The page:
• write entitlement on a queue grants the ability to publish to the queue, even in cases where AMPS translates that publish to the DefaultPublishTopic configured for the queue. No other permissions are implied. In particular, granting the write entitlement on a queue does not grant any entitlements on the DefaultPublishTopic directly: even though the message is delivered to the DefaultPublishTopic, the publish command must publish to the queue topic.

In all other respects, entitlements for message queues behave in the same way as entitlements for any other topic.

Providing an Identity for Outbound Connections (Authenticator)

For outgoing replication connections, AMPS may need to provide an identity and credentials to the replication destination. AMPS uses a module type called an authenticator to provide those credentials and handle any challenge/response protocol required by the authentication module in the remote system.

AMPS provides a default authenticator module, amps-default-authenticator-module, that is automatically configured as the Authenticator for the instance if no other instance Authenticator is provided. This module provides a user name with no password. To determine the user provided to AMPS, the module uses the value of the User option to the module if one is provided. Otherwise, the module uses the current user of the AMPS process: if the current user cannot be determined by the system, the module falls back to the value of the USER environment variable..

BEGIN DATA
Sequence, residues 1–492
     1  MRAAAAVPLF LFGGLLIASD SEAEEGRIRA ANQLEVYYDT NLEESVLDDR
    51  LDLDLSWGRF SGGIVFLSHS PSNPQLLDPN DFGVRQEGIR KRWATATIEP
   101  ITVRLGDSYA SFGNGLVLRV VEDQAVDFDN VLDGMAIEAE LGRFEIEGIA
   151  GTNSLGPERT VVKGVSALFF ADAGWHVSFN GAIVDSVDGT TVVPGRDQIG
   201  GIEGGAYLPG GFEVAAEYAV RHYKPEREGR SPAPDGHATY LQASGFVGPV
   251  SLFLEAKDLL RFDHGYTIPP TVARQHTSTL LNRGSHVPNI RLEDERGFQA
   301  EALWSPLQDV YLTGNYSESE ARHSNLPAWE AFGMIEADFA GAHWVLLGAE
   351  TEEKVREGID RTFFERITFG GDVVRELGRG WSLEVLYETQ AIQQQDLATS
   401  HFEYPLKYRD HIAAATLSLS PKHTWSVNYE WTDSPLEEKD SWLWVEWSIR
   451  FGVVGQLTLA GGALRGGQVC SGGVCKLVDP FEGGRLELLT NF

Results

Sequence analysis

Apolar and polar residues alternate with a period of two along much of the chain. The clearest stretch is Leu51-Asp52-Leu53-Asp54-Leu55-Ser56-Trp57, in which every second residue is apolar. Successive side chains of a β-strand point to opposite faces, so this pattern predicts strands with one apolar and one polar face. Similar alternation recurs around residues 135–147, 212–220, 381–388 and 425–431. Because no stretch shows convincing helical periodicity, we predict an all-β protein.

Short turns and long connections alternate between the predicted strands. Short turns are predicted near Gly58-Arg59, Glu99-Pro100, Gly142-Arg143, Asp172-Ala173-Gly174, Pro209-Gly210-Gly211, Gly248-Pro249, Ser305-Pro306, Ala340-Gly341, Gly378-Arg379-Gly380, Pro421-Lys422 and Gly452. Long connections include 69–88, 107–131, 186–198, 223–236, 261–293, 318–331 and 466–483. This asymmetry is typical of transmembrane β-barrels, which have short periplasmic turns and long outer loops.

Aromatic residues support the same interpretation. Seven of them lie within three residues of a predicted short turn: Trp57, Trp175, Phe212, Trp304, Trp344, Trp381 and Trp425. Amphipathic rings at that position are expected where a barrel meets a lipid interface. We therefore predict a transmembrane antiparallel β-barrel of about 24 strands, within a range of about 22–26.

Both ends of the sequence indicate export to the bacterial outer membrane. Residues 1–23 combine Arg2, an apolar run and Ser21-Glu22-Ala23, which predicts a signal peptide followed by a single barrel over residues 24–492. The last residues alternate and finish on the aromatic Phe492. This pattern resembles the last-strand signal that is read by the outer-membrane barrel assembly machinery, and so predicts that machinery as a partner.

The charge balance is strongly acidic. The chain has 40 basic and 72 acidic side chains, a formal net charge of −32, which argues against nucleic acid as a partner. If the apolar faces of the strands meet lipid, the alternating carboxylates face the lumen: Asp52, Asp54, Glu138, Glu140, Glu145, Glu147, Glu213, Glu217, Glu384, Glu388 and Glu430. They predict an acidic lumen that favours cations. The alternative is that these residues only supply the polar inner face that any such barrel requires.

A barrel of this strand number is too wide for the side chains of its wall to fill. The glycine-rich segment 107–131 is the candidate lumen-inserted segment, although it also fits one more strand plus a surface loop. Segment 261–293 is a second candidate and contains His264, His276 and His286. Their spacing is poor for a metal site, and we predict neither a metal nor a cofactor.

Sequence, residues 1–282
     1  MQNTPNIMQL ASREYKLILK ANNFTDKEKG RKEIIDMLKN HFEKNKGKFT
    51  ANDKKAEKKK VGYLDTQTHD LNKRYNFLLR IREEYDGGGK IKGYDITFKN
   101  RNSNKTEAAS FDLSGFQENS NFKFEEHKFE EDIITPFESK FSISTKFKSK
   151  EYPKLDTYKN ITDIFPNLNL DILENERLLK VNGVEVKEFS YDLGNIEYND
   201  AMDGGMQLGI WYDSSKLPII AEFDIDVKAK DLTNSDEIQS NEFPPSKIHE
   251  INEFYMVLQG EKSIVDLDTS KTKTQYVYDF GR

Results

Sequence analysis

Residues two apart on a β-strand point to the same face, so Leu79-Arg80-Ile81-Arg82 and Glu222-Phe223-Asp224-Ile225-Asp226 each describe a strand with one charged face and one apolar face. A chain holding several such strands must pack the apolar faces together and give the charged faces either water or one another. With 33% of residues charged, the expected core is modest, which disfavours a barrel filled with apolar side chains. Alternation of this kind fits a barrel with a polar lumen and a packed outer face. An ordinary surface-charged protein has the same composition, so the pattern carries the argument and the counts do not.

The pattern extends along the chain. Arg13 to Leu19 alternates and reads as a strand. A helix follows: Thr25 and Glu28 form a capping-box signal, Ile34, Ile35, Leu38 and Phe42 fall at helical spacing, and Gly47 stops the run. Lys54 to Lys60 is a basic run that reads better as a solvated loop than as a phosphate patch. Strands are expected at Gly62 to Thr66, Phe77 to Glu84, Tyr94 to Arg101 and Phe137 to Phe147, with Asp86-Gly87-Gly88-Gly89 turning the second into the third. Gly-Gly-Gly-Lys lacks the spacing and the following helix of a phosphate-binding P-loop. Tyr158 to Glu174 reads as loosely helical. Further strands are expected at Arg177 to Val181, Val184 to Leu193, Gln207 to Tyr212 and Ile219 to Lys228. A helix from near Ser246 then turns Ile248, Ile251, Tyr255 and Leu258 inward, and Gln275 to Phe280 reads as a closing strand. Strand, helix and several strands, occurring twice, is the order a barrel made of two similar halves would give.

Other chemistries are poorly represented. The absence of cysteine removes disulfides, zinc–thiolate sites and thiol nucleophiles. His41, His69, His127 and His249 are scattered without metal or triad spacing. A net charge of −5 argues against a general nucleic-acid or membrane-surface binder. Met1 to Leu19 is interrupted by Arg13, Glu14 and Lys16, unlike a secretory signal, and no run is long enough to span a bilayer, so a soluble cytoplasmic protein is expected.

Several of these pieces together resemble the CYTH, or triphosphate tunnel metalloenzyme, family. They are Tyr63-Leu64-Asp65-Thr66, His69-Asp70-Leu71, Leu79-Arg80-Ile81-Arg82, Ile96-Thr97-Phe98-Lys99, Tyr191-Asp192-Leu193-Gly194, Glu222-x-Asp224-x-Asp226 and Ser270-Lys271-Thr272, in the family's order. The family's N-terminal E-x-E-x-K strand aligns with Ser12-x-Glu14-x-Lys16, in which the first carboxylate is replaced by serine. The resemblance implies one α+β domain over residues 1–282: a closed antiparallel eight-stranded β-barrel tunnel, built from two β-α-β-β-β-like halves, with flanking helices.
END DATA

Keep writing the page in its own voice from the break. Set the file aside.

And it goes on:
The Authenticator used for a replication Destination must provide credentials that are accepted by the Transport of the remote instance that the Destination is connecting to. See the AMPS Configuration Reference for information on configuring the Authenticator for a Destination.

Protecting Data in Transit Using SSL

AMPS provides the ability to use Secure Sockets Layer (SSL) connections for communication with AMPS clients. See the AMPS Configuration Reference and the documentation for the AMPS clients for details.

AMPS uses SSL to encrypt network traffic between clients and servers. No information about the transport is passed to the AMPS authentication and entitlement system. Encryption at the network level is completely independent of the AMPS authentication and entitlement system, and these features can be used independently.